She laid the two bills to the side and picked up another book.  No money fell from that one or the next but three twenties and a ten fell out of the fourth book.  She sat back and looked at the two shelves of remaining books and all the boxes she’d already packed.  If her father had been hiding money in books…she shook her head.  When had he started doing that?  And why?  She doubted she’d find the answers to those questions, but she was going to shake every book in this house to see what else he’d squirreled away.

She started to call Sue and then smiled.  No, she’d go through at least the boxes on the floor and see how much she found.  Sue would be sorry she’d called dibs on the files then.

She was almost finished with all the books from the fallen boxes when Sue called her name.  Ivy glanced at the neat piles of bills beside her.  Most were fives, tens and twenties, but she’d found a couple more fifties and even one hundred dollar bill.  Time to let Sue in on the treasure hunt.

“Ivy, I found something you should see,” Sue said walking into the room.  She stopped short and her eyes widened.  “Where did all that money come from?  Did you find a safe?”

“It was in the books.  Not every book but a lot of them so I’m rechecking all the ones I’ve already packed.  Want to join me on my treasure hunt?”

“Oh, yeah.  I love treasure hunts even more than finding secrets, but I found something in the bedroom I think you need to see.”

“More hidden money?”  Ivy stood and stretched the kinks out of her back.

“No.”  She took Ivy’s hand and pulled her out of the room.  “I’d gone through the dressers and bedside tables.  Nothing very interesting, but I separated things I thought you might want and packed up all the clothes.  Then I looked under the bed.”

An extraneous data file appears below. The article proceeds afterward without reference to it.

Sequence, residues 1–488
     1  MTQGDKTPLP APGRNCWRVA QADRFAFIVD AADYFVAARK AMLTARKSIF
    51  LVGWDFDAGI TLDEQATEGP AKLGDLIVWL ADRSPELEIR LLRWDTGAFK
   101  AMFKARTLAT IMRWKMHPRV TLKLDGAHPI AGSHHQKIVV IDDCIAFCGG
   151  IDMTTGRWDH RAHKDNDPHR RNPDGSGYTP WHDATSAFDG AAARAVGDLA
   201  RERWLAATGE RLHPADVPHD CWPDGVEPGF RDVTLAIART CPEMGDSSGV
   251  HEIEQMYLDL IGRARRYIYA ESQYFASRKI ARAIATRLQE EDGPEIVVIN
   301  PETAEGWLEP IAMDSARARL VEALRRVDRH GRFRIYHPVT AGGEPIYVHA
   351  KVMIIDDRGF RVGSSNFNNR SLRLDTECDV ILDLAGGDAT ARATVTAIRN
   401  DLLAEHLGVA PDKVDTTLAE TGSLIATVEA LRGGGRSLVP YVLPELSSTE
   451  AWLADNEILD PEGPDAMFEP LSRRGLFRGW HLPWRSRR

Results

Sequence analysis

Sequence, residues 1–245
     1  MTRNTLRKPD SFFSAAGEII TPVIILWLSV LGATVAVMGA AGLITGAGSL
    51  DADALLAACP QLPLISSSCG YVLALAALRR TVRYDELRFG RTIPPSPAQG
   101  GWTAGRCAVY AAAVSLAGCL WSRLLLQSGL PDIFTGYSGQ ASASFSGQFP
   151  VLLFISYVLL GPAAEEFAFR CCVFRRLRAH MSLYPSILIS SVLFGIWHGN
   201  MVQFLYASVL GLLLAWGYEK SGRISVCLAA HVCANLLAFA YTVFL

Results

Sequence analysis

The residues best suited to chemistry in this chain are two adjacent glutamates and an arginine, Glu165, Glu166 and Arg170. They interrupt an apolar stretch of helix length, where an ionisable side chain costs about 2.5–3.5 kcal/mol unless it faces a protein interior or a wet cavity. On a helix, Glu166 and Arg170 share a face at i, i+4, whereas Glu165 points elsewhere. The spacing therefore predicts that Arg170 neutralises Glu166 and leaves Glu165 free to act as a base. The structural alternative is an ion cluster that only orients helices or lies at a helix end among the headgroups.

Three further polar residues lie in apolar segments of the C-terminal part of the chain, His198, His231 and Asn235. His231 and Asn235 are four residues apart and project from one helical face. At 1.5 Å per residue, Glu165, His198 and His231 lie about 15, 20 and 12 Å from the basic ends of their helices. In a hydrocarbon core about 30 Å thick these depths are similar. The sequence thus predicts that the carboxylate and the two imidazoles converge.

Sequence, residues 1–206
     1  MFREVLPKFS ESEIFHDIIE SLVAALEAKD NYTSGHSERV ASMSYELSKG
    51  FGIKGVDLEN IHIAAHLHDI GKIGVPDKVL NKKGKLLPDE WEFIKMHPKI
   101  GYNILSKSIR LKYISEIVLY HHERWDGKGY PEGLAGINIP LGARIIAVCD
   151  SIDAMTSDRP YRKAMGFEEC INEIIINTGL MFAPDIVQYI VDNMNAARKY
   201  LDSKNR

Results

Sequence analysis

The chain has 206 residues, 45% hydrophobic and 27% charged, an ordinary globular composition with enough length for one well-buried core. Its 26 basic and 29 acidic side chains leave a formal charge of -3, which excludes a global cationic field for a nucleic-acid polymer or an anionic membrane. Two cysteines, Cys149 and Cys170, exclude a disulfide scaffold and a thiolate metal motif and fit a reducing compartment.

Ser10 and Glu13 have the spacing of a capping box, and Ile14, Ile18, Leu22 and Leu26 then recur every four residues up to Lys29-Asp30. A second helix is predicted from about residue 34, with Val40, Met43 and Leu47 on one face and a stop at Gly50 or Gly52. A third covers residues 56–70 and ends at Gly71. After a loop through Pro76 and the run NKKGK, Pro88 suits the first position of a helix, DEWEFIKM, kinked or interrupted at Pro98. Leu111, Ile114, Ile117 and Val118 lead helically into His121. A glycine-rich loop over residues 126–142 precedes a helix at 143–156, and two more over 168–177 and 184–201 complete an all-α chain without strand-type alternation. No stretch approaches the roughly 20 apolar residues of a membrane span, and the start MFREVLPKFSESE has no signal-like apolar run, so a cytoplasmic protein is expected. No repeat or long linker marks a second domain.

“Don’t tell me you found the monster that hides under beds,” Ivy joked.

Sue didn’t laugh and Ivy frowned.  “Is it bad?”

“I don’t think so.”  Sue pulled lifted the lid off the long clear box.

Ivy stared at the papers in it.  Papers and pictures.  She dropped to her knees and lifted some out.  There were pictures she’d drawn in school from preschool on.  Cards she’d made for her mother and father for holidays and special occasions.  Notes from teachers praising her artistic efforts.  Tears filled her eyes.  She hadn’t thought her parents cared about her drawings.  They’d always tried to steer her toward a more practical career.  Like accounting or nursing.

“This was on top.” Sue said and held out a heavy piece of drawing paper.  It had been torn in half and carefully repaired.  “It’s the one you did in tenth grade isn’t it?  The picture of your brother.”

Ivy took the portrait she’d drawn from pictures and memories.  “I gave it to my mother for her birthday.  She yelled at me.  Said it wasn’t him, nothing like him.  Then she tore it in half and ran to her room crying.  That’s when I decided to leave as soon as I finished school.  All I did was make them unhappy.  She ran her fingers over the softened edges.  It looked like it had been handled many times over the years.  Handled with care.  Her chest ached.

“She cherished it, Ivy.  And not just because it was a picture of Donny.  I think she loved it because it came from you.  That and every other picture here.”